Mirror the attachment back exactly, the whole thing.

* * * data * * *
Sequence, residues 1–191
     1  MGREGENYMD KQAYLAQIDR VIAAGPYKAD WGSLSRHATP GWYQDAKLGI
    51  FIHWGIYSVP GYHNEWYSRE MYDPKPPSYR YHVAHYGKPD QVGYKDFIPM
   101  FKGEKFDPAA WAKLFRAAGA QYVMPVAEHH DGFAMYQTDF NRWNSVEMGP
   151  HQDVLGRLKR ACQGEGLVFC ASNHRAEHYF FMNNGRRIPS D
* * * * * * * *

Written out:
Sequence, residues 1–191
     1  MGREGENYMD KQAYLAQIDR VIAAGPYKAD WGSLSRHATP GWYQDAKLGI
    51  FIHWGIYSVP GYHNEWYSRE MYDPKPPSYR YHVAHYGKPD QVGYKDFIPM
   101  FKGEKFDPAA WAKLFRAAGA QYVMPVAEHH DGFAMYQTDF NRWNSVEMGP
   151  HQDVLGRLKR ACQGEGLVFC ASNHRAEHYF FMNNGRRIPS D